EGU General Assembly 2023
© Author(s) 2023. This work is distributed under
the Creative Commons Attribution 4.0 License.

Stratospheric gravity waves in high-resolution global models

Claudia Stephan
Claudia Stephan
  • Max Planck Institute for Meteorology, Atmosphere in the Earth System, Hamburg, Germany (

As we enter the age of exascale computing, more and more global scale simulations with horizontal grid spacings in the range of 1-10 km become available. Yet, not the full spectrum of gravity waves (GWs) is resolved and new challenges emerge, some of which are directly linked to the representation of convection, which is only partially resolved, but the most important source of GWs in the tropics.

Unlike most climate models that use parameterizations for GWs, the DYAMOND simulations reproduce detailed, satellite-observed features of the global GW momentum flux (GWMF) distribution including the zonal mean. This can be attributed to realistic GWs from convection, orography and storm tracks. Yet, the GWMF magnitudes differ substantially among simulations. Differences in the strength of convection may help explain differences in the GWMF between simulations of the same model in the summer low latitudes where convection is the primary source. For ICON, simulations with explicit convection show 30-50% larger zonal-mean momentum fluxes in the summer hemisphere subtropics than simulations with parameterized convection. Explicit convection is associated with stronger updrafts and GW sources.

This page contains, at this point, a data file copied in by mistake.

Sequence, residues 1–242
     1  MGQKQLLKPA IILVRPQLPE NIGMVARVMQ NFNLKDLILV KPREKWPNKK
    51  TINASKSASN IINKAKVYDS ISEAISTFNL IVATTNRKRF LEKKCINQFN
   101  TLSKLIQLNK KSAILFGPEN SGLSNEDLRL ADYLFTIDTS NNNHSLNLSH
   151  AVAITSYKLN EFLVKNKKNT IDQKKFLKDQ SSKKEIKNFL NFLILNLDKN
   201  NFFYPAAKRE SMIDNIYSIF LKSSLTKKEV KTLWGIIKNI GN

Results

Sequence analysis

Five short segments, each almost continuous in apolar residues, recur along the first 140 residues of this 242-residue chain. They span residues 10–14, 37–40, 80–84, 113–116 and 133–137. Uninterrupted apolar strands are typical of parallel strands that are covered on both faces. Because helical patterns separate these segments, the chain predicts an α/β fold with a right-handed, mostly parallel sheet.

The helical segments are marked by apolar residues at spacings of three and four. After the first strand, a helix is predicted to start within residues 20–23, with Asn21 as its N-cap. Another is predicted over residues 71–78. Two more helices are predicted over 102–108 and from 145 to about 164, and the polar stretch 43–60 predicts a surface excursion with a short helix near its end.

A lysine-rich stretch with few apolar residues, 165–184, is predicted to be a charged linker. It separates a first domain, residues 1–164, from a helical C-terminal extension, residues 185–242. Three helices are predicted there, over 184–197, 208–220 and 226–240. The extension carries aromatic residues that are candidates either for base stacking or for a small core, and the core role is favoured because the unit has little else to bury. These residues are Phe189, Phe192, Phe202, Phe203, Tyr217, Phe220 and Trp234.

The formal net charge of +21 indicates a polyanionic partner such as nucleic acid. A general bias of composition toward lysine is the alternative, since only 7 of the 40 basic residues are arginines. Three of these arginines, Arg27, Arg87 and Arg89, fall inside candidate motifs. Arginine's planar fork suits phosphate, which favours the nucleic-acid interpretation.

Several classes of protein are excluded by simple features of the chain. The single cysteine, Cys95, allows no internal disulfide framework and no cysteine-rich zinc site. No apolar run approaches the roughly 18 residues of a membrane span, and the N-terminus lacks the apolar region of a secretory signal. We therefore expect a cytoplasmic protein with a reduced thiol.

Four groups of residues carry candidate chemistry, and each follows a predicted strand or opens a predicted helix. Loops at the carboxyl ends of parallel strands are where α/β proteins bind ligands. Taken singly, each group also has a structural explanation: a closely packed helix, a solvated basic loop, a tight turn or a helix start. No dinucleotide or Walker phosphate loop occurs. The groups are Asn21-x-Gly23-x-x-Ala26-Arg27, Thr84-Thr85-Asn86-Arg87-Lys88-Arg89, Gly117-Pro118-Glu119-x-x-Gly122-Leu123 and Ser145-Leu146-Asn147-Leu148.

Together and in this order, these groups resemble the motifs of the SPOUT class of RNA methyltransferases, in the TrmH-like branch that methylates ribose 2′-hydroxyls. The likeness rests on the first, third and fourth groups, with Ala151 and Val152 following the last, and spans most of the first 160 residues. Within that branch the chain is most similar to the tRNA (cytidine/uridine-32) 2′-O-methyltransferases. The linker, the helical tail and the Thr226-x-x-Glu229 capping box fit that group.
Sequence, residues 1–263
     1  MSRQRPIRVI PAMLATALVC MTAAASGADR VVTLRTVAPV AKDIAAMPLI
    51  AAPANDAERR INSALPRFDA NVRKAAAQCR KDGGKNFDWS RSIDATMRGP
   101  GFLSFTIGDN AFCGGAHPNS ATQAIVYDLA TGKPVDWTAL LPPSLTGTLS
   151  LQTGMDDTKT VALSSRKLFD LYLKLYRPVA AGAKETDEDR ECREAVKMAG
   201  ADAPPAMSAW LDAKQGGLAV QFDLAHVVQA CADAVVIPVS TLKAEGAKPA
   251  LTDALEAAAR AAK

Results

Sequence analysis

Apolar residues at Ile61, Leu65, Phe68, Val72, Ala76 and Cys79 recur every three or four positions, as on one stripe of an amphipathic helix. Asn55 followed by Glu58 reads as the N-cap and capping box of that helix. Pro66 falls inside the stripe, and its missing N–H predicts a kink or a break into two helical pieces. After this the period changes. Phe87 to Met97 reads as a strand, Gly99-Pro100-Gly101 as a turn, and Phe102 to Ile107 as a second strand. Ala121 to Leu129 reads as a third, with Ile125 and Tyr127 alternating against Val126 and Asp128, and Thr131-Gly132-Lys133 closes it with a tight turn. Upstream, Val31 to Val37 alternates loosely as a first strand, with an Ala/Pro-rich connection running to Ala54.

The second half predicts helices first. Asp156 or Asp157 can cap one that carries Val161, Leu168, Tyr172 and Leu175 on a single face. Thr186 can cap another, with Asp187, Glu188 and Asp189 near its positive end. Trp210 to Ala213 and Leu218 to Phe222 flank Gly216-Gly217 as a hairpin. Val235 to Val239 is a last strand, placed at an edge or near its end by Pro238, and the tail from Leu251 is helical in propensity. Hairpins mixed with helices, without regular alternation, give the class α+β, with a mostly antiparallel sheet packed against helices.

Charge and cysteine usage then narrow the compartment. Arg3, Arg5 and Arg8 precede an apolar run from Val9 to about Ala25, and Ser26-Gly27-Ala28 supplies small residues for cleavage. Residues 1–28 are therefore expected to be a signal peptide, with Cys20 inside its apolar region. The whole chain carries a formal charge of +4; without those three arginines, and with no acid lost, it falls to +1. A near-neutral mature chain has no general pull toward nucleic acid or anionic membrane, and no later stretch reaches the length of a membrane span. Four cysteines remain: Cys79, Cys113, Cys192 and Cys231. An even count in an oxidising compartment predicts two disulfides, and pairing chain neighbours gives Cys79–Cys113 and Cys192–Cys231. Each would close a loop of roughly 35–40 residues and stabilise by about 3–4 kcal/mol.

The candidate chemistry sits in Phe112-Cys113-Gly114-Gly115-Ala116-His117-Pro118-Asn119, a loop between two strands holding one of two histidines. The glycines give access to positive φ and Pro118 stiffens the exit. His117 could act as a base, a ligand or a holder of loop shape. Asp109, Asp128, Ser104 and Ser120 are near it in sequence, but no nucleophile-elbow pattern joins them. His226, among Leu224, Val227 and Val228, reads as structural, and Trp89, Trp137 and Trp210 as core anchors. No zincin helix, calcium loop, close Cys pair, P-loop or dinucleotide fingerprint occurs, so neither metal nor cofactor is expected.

Since any kind of observations can only see a fraction of the GW spectrum, we also analyzed the spectra of the horizontal motions associated with inertia GWs and Rossby waves, respectively. A fundamental characteristic of the atmosphere is the distribution of wave energy across different horizontal scales. Observations and numerical modelling have supported the idea of a canonical energy spectrum. Horizontal kinetic energy scales with the horizontal wavenumber k as k**-3 at large scales with a transition towards k**-5/3 at mesoscales.

The simulations produce the expected canonical shape of the spectra, which is encouraging given that some models are stripped down to a minimum set of physical parameterizations. Yet, total energy levels, spectral slopes at sub-synoptic scales, and spectral crossing scales differ significantly. The contribution of inertia GWs to the total wave energy differs by factors of up to two between the simulations. The crossing scales between the inertia GW and Rossby wave spectra also differ by a factor of about two between the simulations and depend mostly on the ratio of integrated wave energies, rather than on spectral slope or details of the spectral shape. The spectra exhibit little variability in time and can serve as an almost instantaneous diagnostic.

How to cite: Stephan, C.: Stratospheric gravity waves in high-resolution global models, EGU General Assembly 2023, Vienna, Austria, 24–28 Apr 2023, EGU23-3555,, 2023.